The commonality in this week’s items is the idea of Truth. In a few weeks on Good Friday we will once more read the words from Holy Scripture in which Pilate asks the man standing before him “Quid est veritas?” (John 18:38)

What is truth? As Jesus’ passion shows us, truth is rarely popular with a mob. But what else is truth?

  • Truth is radical.
  • Truth is clouded by ignorance.
  • Truth is mimicked in the false mirrors of politics and tyranny.
  • Truth is difficult to convey in our relativistic, multicultural, post modern age.
  • Truth is still present in our world today. It is beautiful. It is unexpected. It will take our breath away and drop us to our knees in awe.

Strange times are these, in which we live, forsooth ;
When young and old are taught in Falsehood’s school:–
And the man who dares to tell the truth,
Is called at once a lunatic and fool.

— George Francis Train, from Pen Sketches of Nebraskans by A.C. Edmunds, published in 1871 in Lincoln, Nebraska (source). This quote (or its variation) is often misattributed to Plato and often appears in memes plastered all over Facebook and Twitter.

Friday Five-Mere Observations

— 1 —

Open up your Bible and read one of the four Gospels from start to finish. Try to do it with fresh eyes, and you will be struck by something: Jesus was a radical—and his life and teachings are a radical invitation to something beyond what most of us have settled for in our everyday lives.

What does radical mean? It means to get to the “root” of things.

Jesus was interested in getting deep down to the root of things. He was interested in what was essential—not the fluffy periphery, but the core, the center, the heart of things.

Jesus wasn’t trapped by the notion of political correctness. He wasn’t burdened with the need to be liked by people. He wasn’t moved by the desire for expediency or convenience. Instead, he simply allowed truth to reign supreme.

Truth is radical.

Rediscover Jesus by Matthew Kelly. Chapter 8.

— 2 —

Hidden beneath various slogans (“Love wins!”) and postures (“tolerance”) this is the fundamental factual reality that the modern ethos abhors, because it has substituted feelings for facts and overwhelmed reason with the will.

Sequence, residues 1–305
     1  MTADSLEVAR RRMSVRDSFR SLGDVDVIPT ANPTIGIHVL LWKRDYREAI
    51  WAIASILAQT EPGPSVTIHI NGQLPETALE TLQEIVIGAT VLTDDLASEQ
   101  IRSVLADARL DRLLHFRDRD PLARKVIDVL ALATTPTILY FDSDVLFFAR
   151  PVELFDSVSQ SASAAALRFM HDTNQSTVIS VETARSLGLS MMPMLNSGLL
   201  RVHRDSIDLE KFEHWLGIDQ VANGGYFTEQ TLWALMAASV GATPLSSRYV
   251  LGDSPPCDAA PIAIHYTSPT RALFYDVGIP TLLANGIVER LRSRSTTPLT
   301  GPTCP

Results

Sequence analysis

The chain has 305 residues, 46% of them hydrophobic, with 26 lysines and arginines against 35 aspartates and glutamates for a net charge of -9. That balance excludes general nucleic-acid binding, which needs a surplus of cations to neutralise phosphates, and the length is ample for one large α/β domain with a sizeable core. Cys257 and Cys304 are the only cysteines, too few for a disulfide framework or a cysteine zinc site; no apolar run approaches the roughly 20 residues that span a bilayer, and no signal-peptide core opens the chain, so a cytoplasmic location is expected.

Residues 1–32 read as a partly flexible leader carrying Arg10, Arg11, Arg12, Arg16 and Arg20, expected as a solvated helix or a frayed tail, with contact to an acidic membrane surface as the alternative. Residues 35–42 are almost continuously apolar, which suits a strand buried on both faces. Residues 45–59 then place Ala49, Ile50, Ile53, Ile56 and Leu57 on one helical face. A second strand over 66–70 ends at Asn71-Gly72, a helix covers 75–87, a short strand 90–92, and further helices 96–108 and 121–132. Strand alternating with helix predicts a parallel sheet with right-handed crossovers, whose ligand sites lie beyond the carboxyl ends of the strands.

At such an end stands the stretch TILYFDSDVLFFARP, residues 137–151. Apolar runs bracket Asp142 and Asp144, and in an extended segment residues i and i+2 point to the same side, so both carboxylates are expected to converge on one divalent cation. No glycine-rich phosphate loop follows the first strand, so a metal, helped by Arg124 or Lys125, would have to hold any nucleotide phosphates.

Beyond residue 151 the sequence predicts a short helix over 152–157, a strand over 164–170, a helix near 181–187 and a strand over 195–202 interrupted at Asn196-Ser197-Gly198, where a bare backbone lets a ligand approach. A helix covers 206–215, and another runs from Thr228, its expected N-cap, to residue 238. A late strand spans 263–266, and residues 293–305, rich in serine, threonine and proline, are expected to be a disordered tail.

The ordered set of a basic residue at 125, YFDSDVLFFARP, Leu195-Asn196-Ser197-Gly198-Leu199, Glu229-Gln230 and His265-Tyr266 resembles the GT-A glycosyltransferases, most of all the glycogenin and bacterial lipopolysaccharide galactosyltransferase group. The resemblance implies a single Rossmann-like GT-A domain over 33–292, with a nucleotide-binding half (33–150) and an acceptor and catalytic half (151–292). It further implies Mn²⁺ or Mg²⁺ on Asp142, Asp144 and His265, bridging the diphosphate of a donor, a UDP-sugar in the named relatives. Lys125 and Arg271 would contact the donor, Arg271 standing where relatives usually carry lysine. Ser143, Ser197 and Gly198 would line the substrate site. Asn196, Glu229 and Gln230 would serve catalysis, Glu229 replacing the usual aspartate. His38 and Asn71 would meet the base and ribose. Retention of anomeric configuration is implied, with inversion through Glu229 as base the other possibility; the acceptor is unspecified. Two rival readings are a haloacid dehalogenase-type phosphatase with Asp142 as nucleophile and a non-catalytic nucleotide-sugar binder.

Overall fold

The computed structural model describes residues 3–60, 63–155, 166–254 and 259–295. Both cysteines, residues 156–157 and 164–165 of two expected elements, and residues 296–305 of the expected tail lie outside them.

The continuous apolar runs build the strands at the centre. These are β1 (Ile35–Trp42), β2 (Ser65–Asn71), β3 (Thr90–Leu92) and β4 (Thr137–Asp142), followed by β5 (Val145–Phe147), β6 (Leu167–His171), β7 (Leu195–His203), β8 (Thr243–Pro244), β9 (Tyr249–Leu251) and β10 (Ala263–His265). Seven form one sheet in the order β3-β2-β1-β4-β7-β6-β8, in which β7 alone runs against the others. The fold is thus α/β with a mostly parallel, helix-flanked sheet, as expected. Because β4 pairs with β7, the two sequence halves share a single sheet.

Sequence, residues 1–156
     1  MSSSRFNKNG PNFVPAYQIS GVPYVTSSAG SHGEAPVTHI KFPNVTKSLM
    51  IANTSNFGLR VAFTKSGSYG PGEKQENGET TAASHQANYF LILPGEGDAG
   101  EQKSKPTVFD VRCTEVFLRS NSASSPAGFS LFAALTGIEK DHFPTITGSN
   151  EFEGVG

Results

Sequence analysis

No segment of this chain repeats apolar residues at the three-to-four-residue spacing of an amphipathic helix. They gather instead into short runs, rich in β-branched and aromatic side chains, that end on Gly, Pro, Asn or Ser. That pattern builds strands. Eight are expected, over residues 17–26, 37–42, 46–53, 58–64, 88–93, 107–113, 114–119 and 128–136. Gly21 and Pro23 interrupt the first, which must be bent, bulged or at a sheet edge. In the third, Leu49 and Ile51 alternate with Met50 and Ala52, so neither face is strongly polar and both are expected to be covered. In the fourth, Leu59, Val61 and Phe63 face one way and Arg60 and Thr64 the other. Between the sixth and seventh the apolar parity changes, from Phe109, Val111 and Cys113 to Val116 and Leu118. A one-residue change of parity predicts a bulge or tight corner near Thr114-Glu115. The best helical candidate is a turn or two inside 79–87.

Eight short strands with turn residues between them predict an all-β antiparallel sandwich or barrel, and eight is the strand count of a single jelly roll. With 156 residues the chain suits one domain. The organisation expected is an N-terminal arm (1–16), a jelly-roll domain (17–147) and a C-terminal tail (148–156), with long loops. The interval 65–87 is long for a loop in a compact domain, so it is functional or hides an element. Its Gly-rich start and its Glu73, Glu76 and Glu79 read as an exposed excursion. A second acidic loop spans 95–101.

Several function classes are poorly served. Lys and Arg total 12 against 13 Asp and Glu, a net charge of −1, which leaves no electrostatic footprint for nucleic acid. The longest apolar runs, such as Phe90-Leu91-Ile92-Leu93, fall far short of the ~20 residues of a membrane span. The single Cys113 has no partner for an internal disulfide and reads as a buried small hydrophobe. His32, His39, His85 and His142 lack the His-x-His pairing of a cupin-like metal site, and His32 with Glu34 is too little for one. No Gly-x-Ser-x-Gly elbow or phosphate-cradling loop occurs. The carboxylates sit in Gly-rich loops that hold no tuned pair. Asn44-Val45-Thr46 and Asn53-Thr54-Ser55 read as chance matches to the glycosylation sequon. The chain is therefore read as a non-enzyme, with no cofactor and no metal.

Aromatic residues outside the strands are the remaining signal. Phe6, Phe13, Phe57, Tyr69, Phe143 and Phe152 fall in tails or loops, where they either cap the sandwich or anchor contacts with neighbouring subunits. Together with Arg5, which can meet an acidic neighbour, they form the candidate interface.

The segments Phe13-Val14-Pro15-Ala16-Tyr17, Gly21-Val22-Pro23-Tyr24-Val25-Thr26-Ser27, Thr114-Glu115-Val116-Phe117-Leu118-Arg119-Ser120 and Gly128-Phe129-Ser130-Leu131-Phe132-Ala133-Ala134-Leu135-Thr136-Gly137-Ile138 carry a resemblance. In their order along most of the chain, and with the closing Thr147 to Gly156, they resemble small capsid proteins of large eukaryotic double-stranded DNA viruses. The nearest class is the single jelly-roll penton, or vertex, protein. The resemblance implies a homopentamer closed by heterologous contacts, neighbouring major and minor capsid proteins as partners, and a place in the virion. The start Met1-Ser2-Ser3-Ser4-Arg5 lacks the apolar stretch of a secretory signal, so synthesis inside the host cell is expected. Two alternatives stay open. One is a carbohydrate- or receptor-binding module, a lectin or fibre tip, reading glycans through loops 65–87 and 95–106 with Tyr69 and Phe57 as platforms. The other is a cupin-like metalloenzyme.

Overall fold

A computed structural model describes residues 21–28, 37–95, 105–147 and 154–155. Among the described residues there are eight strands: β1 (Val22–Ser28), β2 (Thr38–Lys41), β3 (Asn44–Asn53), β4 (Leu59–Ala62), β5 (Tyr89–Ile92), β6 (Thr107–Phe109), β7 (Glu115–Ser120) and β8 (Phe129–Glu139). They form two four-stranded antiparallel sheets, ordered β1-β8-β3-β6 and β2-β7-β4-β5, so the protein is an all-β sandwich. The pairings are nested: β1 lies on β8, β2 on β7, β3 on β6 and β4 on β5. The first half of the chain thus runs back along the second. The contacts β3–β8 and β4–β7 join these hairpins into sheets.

The duty to instruct the ignorant is a work of mercy because there is something important that can be known and should be known to attain spiritual maturity. Cicero said, “To be ignorant of history is always to remain a child.” That kind of ignorance is not the childlike innocence that leads to the Kingdom of heaven. It is the childishness of adults who do not know that there is much they do not know.

Father George Rutler, Magnificat Year of Mercy Companion, February 17

— 3 —

Let us call this Lenin’s Wax Dummy Effect. During the Cold War, critics in the West remarked that the Soviet Union and its doctrine of Marxism-Leninism resembled nothing so much as a new religion, complete with scripture (the writings of Marx and Engels), charismatic prophets (Lenin and Stalin) with the aura of demigods, a Church Militant (the Party), a mother church (the Kremlin), and a clerical caste (the Politburo and Soviet apologists in the West). The religion also had, tellingly, a funerary temple to the mummified corpse of the Founder lying in eternal state just outside the Kremlin’s walls, where tourists an Soviet citizens alike would wait in the cold of a Russian winter to shuffle past the bier and gaze upon the embalmed body of the Leader, Teacher, Beacon, Helsman, the Immortal Guide, V.I. Lenin (whose relics were gathers at the Lenin Institute and Lenin Museum immediately upon his death).

The Devil’s Pleasure Palace: The Cult of Critical Theory and the Subversion of the West, by Michael Walsh